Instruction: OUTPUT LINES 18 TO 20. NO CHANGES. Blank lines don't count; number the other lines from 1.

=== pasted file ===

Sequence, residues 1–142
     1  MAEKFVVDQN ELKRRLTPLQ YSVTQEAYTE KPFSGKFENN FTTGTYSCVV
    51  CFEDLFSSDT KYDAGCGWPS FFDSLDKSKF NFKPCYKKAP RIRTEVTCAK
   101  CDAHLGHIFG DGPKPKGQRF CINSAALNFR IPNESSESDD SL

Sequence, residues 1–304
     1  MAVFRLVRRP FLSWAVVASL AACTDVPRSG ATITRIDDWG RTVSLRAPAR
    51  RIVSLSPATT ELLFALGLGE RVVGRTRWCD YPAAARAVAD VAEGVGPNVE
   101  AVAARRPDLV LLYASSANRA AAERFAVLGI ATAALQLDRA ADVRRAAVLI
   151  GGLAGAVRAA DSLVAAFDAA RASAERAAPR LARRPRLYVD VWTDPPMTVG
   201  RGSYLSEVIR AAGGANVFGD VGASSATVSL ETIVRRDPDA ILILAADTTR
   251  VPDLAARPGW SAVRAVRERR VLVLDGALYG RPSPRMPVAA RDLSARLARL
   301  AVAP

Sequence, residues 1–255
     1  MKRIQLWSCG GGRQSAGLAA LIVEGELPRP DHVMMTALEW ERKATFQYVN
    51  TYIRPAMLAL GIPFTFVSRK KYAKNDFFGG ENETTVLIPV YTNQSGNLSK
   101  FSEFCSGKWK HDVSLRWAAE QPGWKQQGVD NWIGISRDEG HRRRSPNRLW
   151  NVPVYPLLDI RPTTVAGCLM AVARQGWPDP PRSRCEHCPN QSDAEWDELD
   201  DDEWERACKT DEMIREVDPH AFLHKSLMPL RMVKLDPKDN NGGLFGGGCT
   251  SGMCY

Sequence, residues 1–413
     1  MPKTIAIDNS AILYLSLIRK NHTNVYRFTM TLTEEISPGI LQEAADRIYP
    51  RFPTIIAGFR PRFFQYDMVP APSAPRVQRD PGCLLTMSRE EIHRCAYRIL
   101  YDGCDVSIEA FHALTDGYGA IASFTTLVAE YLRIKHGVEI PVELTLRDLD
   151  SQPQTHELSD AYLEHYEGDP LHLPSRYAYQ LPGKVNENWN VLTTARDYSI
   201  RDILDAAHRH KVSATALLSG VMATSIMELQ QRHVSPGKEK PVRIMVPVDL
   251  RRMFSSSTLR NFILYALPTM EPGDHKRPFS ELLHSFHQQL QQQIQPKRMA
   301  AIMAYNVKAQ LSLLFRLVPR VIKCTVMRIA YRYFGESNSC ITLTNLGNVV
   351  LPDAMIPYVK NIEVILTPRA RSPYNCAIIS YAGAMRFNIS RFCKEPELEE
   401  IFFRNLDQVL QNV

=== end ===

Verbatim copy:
   201  DDEWERACKT DEMIREVDPH AFLHKSLMPL RMVKLDPKDN NGGLFGGGCT
   251  SGMCY

Sequence, residues 1–413